So we did. Before explaining how we went about it, though, I'd better lay out the ground rules. To begin with, then: What, exactly, do we mean when we say that the Z‑drag yields a 3:1 mechanical advantage? Well, here's one way of looking at it: If you have to shift a 300‑pound load, a Z‑drag should reduce the required force by a factor of three. In effect, the 300‑pound load has now been pared to 100 pounds, at least as far as felt effort is concerned. (I'm neglecting frictional losses here, though they mount up quickly as the number of pulleys increases.) But in physics, as in life, there's no such thing as a free lunch. You'll have to pay for all the help the Z‑drag gives you. And how do you pay? By stretching the effort out, that's how. In other words, if you need to shift the 300‑pound load a distance of 10 feet, and if you're using a Z‑drag to do the work, a total of 30 feet of line will pass through your hands, not 10. That's true if the Z‑drag really does yield a three‑for‑one mechanical advantage, at any rate. (Confused? Then check out the Wikipedia article on mechanical advantage. Or — if you'd like a more thoroughgoing explanation — get hold of a copy of the 1943 edition of Lancelot Hogben's Science for the Citizen and start reading at page 232.)
Back in the lab…er…office, our brute‑force model was now taking shape. Because our stock of disposable boats was rather low, however, we didn't want to wrap a canoe around a midstream rock in The River and rig a Z‑drag to haul it off. So we set up a table‑top experiment instead. Here's a list of the materials we used:
- About six feet of not‑too‑stretchy cord (our hauling line)
- Several boxes of shotshells, plus one box of .308 ammo (the test load)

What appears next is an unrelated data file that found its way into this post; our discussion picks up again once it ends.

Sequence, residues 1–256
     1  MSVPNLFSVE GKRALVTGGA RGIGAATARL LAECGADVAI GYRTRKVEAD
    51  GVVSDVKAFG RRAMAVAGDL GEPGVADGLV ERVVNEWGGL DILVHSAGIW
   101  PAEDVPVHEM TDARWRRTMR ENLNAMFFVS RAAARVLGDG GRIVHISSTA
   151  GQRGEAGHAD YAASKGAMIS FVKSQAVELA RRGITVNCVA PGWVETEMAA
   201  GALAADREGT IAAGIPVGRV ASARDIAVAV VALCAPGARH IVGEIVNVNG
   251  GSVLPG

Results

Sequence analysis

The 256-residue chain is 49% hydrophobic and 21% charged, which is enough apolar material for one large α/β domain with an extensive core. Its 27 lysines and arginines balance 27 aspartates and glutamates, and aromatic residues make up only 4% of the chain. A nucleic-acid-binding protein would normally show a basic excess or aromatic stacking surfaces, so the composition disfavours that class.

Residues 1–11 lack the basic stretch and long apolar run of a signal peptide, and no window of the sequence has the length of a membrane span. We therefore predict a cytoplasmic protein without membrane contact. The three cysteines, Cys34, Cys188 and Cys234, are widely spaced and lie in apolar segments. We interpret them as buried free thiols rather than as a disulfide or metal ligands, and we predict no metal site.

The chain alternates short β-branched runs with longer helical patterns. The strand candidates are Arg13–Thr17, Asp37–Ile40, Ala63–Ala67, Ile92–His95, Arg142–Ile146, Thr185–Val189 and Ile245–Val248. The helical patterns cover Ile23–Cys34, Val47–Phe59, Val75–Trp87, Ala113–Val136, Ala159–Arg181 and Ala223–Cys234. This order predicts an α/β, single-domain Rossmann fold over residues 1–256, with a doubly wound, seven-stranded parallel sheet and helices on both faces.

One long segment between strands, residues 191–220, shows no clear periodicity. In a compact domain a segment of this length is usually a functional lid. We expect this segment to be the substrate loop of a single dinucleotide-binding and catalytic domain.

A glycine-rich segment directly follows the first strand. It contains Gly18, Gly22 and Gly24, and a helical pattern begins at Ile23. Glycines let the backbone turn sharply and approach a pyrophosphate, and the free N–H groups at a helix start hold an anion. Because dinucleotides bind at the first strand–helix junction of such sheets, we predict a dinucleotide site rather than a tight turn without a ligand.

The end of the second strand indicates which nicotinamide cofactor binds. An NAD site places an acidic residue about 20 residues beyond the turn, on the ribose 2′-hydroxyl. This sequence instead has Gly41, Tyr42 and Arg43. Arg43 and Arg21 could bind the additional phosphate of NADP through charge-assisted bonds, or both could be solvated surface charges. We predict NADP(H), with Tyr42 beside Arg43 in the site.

- A small Velcro tie (the bridle around the load)
- Two short loops of lightweight cord (prusik and sling, respectively)
- Two key rings (carabiner substitutes)
- Two 6‑inch rulers
- Two twist‑ties
With this unlikely collection of odds and ends gathered from our office shelves, we had the makings of a river rescue in miniature, with the shotshells and rifle ammo standing in for the unlucky boat in my schematic sketch. (Why use shotshells and rifle ammo? Easy. The shell boxes are both heavy and compact. Plus, they were handy. In the years since we gave up hunting, we've used our remaining boxes of shells as bookends.) A leg of a worktable stood in for a riverbank tree, while the rulers and twist‑ties made it possible to measure just how far the load moved in response to every tug on the hauling line.
This is how the final setup looked:
Click here for a larger image of the rig
To repeat what I said a couple of paragraphs back: The mechanical advantage of the Z‑drag is identical to the ratio between the length of line that passes through your hands as you haul and the distance that your boat moves in response to your efforts. If you have to take up three feet of line to shift the boat just one foot, then the Z‑drag does indeed yield a 3:1 mechanical advantage.
Now we were ready to put our model of the Z‑drag to the test. Farwell got into position to haul on the cord. I set up my camera and checked that the rulers were in place. Here's how things looked at the start, with the blue arrows showing the direction of movement in the "Z":
The two‑tone background? It's a photographic artifact — the image is a composite, pieced together from two shots. Now let's take a closer look at the two rulers and the improvised twist‑tie pointers:
The ruler in the top photo measures the distance the load moves, while the one shown in the bottom panel gauges the amount of line Farwell takes in.
We're off! Farwell hauls. The boxes of shotshells slide closer. I press the shutter on my camera. And after Farwell has reeled in six inches of line, the load has traveled…
Only two inches. The ratio? Three to one, as predicted. Charlie Walbridge got it right. The Z‑drag gives riverbank salvage teams a 3:1 edge, just when it's needed most!